Galileo Spacecraft Pages
EPD Highlights During the Galileo Mission
Source: D. Williams, EPD Team Meeting, March 1998
- Discovery of intense, bidirectional, field-aligned energetic electron beams
streaming along the Io fluxtube. If they fill the Io fluxtube, they carry sufficient
energy to Jupiter's atmosphere to generate aurorae at the foot of the Io fluxtube.
- Use of
energetic electron angular distributions observed at Ganymede to measure the
surface magnetic field of Ganymede and verify its internal field.
of energetic electrons trapped in Ganymede's magnetic field, identifying closed
Ganymede magnetic field lines and further substantiating the concept of a
Ganymede magnetosphere. Note that Ganymede's magnetosphere is larger than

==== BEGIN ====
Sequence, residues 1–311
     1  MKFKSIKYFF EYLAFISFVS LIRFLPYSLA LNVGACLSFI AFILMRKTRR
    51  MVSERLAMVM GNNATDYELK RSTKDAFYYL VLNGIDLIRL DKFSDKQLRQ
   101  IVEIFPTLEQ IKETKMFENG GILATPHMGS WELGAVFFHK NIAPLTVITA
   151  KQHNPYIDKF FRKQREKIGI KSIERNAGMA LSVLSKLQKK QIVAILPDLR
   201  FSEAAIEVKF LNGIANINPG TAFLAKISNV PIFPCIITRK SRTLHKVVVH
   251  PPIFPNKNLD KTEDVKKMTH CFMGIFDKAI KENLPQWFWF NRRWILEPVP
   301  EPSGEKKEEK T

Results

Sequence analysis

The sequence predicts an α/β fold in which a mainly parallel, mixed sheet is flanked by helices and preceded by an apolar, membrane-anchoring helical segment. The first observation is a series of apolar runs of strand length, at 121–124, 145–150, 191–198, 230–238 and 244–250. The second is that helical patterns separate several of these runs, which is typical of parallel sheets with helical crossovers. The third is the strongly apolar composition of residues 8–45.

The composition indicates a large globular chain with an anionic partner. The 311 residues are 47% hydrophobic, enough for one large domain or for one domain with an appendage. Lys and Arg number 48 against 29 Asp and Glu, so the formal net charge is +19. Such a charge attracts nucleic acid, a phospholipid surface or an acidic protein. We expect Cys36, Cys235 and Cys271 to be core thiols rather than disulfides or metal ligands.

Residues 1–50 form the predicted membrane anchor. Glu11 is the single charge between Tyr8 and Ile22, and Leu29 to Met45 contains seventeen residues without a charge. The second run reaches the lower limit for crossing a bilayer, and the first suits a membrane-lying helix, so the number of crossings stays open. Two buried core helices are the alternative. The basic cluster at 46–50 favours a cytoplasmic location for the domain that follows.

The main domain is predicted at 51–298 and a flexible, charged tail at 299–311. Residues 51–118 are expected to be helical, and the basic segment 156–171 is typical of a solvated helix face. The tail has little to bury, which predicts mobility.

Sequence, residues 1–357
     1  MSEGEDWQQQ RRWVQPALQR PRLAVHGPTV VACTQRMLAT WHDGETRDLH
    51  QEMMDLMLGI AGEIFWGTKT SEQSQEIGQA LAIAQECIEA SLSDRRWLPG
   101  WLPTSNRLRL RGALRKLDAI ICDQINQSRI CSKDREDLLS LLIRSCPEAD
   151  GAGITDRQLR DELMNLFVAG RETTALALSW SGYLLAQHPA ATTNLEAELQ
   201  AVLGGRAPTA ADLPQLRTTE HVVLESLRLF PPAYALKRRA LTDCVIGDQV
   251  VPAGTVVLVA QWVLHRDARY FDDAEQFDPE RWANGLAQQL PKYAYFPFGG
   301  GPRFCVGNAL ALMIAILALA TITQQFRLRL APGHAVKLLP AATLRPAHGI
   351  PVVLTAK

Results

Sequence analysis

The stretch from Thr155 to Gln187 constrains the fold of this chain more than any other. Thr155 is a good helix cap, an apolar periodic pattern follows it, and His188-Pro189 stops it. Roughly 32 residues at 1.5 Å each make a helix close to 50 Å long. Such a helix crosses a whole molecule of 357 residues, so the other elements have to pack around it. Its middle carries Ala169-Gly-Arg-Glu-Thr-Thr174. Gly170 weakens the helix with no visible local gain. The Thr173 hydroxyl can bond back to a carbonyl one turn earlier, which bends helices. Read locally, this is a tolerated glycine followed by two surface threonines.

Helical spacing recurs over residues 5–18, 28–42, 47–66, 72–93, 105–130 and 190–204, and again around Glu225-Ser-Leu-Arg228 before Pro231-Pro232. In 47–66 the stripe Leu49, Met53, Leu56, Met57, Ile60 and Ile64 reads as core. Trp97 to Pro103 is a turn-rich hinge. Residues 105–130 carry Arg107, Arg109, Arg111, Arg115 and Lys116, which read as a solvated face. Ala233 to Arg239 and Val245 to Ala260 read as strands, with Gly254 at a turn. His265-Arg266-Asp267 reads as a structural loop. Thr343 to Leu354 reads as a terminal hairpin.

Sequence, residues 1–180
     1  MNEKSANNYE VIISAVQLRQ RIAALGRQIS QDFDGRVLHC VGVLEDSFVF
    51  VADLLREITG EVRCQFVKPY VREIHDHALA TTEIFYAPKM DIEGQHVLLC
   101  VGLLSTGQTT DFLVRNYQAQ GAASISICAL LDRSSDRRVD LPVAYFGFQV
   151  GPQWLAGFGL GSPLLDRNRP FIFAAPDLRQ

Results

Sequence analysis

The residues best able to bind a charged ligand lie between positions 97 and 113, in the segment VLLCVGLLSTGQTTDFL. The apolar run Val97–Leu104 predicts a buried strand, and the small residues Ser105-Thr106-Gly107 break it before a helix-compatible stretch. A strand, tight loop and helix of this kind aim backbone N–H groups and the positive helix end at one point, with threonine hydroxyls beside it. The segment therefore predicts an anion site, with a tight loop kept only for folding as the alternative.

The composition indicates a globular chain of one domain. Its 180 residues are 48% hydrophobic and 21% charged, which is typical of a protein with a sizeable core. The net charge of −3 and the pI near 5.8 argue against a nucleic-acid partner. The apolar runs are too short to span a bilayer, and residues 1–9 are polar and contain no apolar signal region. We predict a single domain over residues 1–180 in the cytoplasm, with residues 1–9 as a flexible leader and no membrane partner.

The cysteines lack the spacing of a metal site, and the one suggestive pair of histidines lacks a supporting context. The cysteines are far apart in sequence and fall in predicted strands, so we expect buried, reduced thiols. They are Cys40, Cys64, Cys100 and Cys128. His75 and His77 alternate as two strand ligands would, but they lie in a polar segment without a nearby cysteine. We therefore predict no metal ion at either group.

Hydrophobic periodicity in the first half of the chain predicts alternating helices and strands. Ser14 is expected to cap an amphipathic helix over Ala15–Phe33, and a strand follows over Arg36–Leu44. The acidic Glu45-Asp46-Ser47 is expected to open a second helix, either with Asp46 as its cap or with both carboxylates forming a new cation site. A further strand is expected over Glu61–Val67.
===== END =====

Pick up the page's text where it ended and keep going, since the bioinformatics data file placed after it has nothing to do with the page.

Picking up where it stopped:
that of Mercury.
- First measurement of the amount of pitch angle scattering
that occurs for energetic electrons during their travel from Ganymede to the
near-Jupiter mirror point and back. The energy-dependent pitch angle
diffusion coefficient was extracted from the data.
- First possible
observation of fluxtube interchange in the Io torus, providing a measure of
particle transport through this region and into the Jovian magnetosphere.
- Measurement of heavy ion intensities in Io's torus show that they are
significantly lower than at the time of Voyager, some 17 years ago. This
decrease in heavy ion intensities provides an explanation for differences seen
in Jovian aurorae between the Voyager and Galileo eras.
- Discovery of
energetic particle injection events in Jupiter's inner magnetosphere that are
similar to particle injections at earth during magnetic substorm events.
Dispersion features are seen in both electrons and ions, implying a common
injection region followed by particle drift superimposed on corotation effects.
Sputtering and surface erosion effects resulting from energetic ion bombardment
of Europa and Ganymede.